Don Davis has been the Forum Communications Minnesota Capitol Bureau chief since 2001, covering state government and politics for two dozen newspapers in the state. Don also blogs at Capital Chatter on Areavoices.
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State officials are looking into reducing some drug sentences and whether the action could help relieve prison overcrowding. Drawing from available data, Executive Director Nathaniel Reitz of the Minnesota Sentencing Guidelines Commission said that "probation may be something that may not harm public safety." Hours after Reitz told that to a prison overcrowding task force, his commission started in motion a plan that could allow some drug offenders be on probation instead of in prison and could reduce prison sentences for others. The number of prisoners held on drug crimes peaked in 2005, d
MINNEAPOLIS -- Five people were shot and injured late Monday near the Minneapolis police 4th Precinct, where protesters of a young black man's shooting have camped out for more than...
Minnesota's Revenue Department tells property owners something they already assumed: Property taxes will rise next year. The department received data from local governments indicating that overall city taxes will jump 5.2 percent, counties will be up 3.7 percent and townships plan a 2.4 percent increase. School tax levies next year are expected to be up 7.5 percent, an increase of $186 million.
The state's MNsure health insurance sales program says that what its officials have said for weeks now has a study to back them up. Interim CEO Allison O'Toole and others have promoted, heavily promoted, shopping around the MNsure Website to find the best insurance deals. Wakely Consulting Group now has released a study showing that 85 percent of this year's MNsure enrollees who do not receive government subsidies will deal with a 389 percent premium increase if they just let their current plan renew.
Two Upper Midwest Republicans broke from their colleagues early Friday to oppose a budget deal that is headed to President Barack Obama's desk. Sens. John Hoeven of North Dakota and Ron Johnson of Wisconsin opposed the bill that passed 64-35 after the House also approved the measure. Many of the "yes" votes came after House, Senate and White House leaders agreed moments before the House vote that $3 billion would be restored to the crop insurance program. U.S. Sen. Mike Rounds, R-S.D., had called a crop insurance cut a "deal breaker" when he talked to reporters this week.
Upper Midwest farmers were happy Thursday to learn the federal government will not cut crop insurance programs. A budget bill the House approved was to have contained a $3 billion cut to crop insurance. However, farm-state federal lawmakers pressured House, Senate and White House leaders to remove it as a budget vote neared Wednesday night. "I'm pleased that we have an agreement to fix the crop insurance cuts and not open the farm bill," said U.S. Rep.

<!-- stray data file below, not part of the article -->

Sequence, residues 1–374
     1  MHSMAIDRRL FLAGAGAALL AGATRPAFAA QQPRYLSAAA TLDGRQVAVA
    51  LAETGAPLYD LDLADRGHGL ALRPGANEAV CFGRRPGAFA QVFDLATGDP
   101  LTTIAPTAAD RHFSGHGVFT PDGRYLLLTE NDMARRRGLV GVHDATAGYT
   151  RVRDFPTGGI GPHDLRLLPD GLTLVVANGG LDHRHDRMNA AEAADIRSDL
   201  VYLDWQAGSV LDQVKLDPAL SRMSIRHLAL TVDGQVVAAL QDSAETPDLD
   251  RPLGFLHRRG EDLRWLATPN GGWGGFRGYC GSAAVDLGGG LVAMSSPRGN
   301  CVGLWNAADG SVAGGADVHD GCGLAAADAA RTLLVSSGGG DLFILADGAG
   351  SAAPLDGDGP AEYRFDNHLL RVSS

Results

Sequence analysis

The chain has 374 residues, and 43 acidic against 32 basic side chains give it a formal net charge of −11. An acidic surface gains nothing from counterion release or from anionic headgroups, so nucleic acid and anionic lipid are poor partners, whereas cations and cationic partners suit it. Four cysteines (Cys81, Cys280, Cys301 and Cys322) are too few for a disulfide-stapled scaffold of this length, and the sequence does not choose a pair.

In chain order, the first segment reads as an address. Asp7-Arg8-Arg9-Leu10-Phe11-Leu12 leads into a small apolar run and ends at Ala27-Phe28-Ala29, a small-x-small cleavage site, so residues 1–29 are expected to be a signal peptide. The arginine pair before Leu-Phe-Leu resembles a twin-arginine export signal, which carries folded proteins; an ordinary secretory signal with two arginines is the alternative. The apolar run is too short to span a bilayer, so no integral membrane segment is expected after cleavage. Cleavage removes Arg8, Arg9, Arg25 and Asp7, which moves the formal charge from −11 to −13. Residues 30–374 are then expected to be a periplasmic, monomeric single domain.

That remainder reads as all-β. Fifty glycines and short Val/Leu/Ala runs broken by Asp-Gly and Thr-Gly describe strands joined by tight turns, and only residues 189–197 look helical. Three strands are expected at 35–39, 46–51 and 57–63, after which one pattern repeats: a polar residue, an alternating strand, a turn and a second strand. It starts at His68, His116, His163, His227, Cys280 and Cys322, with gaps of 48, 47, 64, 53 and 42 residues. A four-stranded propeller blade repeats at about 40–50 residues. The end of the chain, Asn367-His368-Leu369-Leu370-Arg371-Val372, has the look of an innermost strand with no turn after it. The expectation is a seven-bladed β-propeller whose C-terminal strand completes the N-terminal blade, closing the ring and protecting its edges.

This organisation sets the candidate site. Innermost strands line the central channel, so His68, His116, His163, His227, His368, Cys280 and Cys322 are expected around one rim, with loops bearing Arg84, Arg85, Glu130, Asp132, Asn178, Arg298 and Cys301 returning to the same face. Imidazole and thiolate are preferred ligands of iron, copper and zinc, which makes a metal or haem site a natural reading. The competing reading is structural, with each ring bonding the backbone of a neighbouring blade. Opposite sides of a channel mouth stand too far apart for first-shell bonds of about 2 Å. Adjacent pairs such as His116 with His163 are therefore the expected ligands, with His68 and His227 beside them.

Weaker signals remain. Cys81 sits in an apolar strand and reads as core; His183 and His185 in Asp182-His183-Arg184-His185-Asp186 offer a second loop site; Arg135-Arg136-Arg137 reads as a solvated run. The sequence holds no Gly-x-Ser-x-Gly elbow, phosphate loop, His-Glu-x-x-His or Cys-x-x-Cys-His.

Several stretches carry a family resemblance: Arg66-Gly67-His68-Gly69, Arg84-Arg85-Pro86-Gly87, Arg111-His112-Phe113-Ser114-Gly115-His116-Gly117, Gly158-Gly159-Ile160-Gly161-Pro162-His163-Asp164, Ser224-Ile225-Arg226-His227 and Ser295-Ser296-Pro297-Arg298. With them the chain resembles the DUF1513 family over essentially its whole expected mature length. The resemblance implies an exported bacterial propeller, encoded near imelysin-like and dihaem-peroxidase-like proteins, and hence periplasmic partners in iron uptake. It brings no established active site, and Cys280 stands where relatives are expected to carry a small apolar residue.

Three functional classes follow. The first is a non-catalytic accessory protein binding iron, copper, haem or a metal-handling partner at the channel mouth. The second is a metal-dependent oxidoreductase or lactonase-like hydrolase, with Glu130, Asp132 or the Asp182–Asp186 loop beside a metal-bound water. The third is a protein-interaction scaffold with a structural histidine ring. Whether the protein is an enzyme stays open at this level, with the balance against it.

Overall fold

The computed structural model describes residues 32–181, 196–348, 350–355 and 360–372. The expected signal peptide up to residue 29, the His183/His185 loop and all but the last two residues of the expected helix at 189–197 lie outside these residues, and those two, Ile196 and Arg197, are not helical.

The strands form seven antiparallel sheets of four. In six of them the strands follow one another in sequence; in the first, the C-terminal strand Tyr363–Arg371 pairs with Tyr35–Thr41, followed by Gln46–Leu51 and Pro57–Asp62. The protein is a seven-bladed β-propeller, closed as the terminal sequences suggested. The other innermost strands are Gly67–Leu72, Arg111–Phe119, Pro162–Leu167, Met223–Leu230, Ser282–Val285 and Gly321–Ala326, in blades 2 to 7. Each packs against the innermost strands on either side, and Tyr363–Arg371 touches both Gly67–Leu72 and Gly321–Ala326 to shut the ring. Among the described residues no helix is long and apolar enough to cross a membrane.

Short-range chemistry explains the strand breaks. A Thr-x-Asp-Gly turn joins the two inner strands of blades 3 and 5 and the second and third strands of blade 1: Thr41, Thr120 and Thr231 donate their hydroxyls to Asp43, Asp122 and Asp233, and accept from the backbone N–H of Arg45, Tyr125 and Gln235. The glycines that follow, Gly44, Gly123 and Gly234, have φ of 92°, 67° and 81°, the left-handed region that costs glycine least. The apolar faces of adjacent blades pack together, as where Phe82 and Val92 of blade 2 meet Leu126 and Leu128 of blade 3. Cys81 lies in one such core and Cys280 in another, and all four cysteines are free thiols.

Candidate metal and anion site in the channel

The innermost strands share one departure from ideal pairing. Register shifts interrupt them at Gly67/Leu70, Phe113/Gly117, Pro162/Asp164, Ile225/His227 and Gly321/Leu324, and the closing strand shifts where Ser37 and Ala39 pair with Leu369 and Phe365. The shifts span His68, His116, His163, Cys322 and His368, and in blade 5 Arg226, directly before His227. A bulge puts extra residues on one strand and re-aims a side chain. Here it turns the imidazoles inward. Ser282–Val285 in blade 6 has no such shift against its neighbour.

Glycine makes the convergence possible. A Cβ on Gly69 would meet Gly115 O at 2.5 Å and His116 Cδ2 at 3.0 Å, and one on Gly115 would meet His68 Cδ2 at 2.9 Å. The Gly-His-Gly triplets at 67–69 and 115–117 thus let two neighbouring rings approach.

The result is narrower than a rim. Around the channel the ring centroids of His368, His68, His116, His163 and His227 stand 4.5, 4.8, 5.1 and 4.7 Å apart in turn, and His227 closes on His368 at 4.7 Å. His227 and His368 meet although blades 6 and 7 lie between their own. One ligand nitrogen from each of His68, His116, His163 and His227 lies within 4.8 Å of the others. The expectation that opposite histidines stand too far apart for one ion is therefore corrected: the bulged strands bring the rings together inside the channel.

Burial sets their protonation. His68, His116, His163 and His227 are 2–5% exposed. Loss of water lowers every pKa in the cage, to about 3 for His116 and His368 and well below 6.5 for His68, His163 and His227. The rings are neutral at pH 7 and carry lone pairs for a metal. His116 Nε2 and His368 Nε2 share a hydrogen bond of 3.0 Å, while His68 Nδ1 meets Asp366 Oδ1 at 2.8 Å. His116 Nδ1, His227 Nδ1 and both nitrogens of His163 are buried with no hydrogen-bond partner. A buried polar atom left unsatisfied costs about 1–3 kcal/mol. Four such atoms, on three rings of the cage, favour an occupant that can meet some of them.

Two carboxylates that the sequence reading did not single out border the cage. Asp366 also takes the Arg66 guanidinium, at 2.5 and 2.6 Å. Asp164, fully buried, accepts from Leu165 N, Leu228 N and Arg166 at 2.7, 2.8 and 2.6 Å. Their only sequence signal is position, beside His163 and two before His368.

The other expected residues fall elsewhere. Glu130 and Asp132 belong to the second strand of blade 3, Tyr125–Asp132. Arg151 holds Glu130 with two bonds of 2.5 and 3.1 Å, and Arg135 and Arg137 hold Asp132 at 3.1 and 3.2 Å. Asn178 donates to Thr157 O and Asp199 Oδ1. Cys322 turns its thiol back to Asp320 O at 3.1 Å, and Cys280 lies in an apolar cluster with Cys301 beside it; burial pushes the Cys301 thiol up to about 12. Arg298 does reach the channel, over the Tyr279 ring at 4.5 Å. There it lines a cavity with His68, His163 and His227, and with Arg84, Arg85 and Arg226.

Gov. Mark Dayton was not happy Thursday. First, he questioned the wording in a federal judge's ruling that requires Minnesota to greatly speed up reforms in its sex offender treatment program. He felt Judge Donovan Frank threatened the state, not to mention that the governor disagreed with the judge's claim that the program is unconstitutional. Then there was a legislative panel's series of four 5-5 votes that killed or delayed raises for many state workers.
The Minnesota State Patrol reports that it appears more motorists are driving right on by when school buses are stopped, with lights flashing and stop arms extended. A one-day study in April showed a 65 percent increase in violations. Nearly 3,600 bus drivers participated in the survey. The patrol said that state requires drivers to stop for a school bus when lights are flashing and the stop arm is displayed. Traffic in both directions is required to stop, unless the lanes are separated by a median. College loans stop The Perkins loan program for college students ended Oct. 1 and U.S.
Leave it to "real people," as compared to lobbyists and government officials, to grab attention in legislative hearings. Youths, especially, get lawmakers' ears. At issue is a plan by the Higher Learning Commission, which accredits colleges in 19 states, to require each college instructor to hold a master's degree in the field he or she teaches or a master's degree in another field and 18 credits in the field he or she teaches by 2017.
Minnesotans who buy their own health insurance will pay more next year, in some cases a lot more. Officials of the state Commerce Department and the MNsure Web-based insurance sales site Thursday announced insurance rates for Minnesotans who buy their own policies will rise 14 percent to 49 percent. However, that only affects the 5.5 percent of Minnesotans who buy health insurance policies on the open market; most have employer-provided insurance or receive government-paid health care. The increase prompted strong reaction, ranging from Gov.